Advice on Buying Used Accordions by Bob Berta

The note below got me thinking about the advisability of buying an accordion for “only” R 2500.00 or so. While you might get one that was playable and in tune, I wouldn’t count on it. Generally once an accordion gets to be 25-30 years old or so, you can count on major maintenance items. Generally this is about the life span of the wax that holds the reeds in and may dictate a rewaxing job. In addition, no accordion that is 30 years old is going to be very in tune. Other things that are quite likely to pop up are mold in the accordion, rusty reeds, worn-out/damaged bellows, bad reed leathers.

All of these things tend to run the cost of that “cheap” accordion up rapidly.

My advice is that if you decide to buy a cheap accordion, you consider the hidden costs and decide up front whether it is of a quality that would warrant any outlay of money. Often if you get a cheap accordion and you can live with its defects and only want it as a knock-around accordion or a student instrument, you might be able to use it for a while… just don’t rely on it for any heavy duty use.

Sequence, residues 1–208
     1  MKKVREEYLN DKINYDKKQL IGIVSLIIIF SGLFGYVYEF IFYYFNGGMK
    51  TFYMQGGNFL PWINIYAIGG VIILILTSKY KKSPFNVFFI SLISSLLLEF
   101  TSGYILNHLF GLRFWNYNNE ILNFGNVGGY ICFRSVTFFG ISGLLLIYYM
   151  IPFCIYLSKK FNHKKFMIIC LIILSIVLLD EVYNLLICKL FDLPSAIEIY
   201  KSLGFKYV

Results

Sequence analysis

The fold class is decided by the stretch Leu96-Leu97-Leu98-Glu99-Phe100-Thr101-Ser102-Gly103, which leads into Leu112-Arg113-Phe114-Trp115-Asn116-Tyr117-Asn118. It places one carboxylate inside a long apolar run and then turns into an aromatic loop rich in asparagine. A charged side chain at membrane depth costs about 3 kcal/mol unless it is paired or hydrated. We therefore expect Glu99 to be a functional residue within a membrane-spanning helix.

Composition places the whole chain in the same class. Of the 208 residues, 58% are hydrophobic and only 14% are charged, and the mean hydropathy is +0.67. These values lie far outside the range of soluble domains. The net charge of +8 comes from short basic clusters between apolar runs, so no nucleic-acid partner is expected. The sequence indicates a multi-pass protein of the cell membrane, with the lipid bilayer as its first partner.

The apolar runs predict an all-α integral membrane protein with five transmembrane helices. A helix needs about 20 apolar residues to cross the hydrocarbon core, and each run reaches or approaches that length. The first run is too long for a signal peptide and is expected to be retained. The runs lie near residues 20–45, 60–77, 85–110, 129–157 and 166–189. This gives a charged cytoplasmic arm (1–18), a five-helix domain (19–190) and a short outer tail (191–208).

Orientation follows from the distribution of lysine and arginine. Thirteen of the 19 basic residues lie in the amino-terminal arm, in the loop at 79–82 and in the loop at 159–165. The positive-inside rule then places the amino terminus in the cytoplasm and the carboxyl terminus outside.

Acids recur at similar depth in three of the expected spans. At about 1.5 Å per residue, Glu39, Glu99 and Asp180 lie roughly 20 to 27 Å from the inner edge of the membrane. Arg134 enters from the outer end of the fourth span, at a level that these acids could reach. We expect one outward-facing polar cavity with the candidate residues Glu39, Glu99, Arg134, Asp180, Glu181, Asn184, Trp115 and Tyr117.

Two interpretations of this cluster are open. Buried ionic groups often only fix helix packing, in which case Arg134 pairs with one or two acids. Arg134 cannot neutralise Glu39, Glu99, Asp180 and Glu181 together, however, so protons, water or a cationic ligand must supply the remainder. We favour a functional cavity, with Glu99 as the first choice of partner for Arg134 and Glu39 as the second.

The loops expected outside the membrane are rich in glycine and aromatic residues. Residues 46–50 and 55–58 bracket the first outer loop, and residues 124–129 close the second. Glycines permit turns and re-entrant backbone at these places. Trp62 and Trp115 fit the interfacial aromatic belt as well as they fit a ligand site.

If you are considering purchasing an old accordion, a couple of tests you can do to see if it is facing impending doom are:

  • Check the bellows for leaks.
  • Listen for any rattles when playing … this could be a sign of a reed that has broken free of its wax.
  • Play every note comparing the push stroke sound with the pull stroke sound. If it is out of tune it will be fairly obvious even if you don’t have a particularly great ear.
  • Play an octave of each note … for instance low C and the C an octave higher at the same time. They should be in tune to each other.
  • Smell the accordion and its case. If it has a musty smell there is a good chance it has mold, rusty reeds, etc. Rusty reeds are bad and throw the accordion out of tune and make it impossible to re-tune without a major maintenance job … if it is even possible to resurrect it.
  • Stay away from any accordions that have been used on ocean going boats or stored in very humid climates … rusty reeds and mildew are likely.
  • Accordions that have been played all the time are generally the best deal since they are likely to have been better taken care of. The worse deals are the accordions that “Johnny” played 30 years ago and stuck in the garage when he lost interest.